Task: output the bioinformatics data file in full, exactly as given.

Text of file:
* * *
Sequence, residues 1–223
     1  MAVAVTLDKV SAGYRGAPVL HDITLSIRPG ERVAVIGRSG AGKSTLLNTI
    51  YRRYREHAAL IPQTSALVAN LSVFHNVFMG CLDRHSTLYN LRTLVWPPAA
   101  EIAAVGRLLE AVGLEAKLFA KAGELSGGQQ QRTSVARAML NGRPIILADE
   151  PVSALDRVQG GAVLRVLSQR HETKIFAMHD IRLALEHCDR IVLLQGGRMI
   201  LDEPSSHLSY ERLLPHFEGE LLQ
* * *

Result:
Sequence, residues 1–223
     1  MAVAVTLDKV SAGYRGAPVL HDITLSIRPG ERVAVIGRSG AGKSTLLNTI
    51  YRRYREHAAL IPQTSALVAN LSVFHNVFMG CLDRHSTLYN LRTLVWPPAA
   101  EIAAVGRLLE AVGLEAKLFA KAGELSGGQQ QRTSVARAML NGRPIILADE
   151  PVSALDRVQG GAVLRVLSQR HETKIFAMHD IRLALEHCDR IVLLQGGRMI
   201  LDEPSSHLSY ERLLPHFEGE LLQ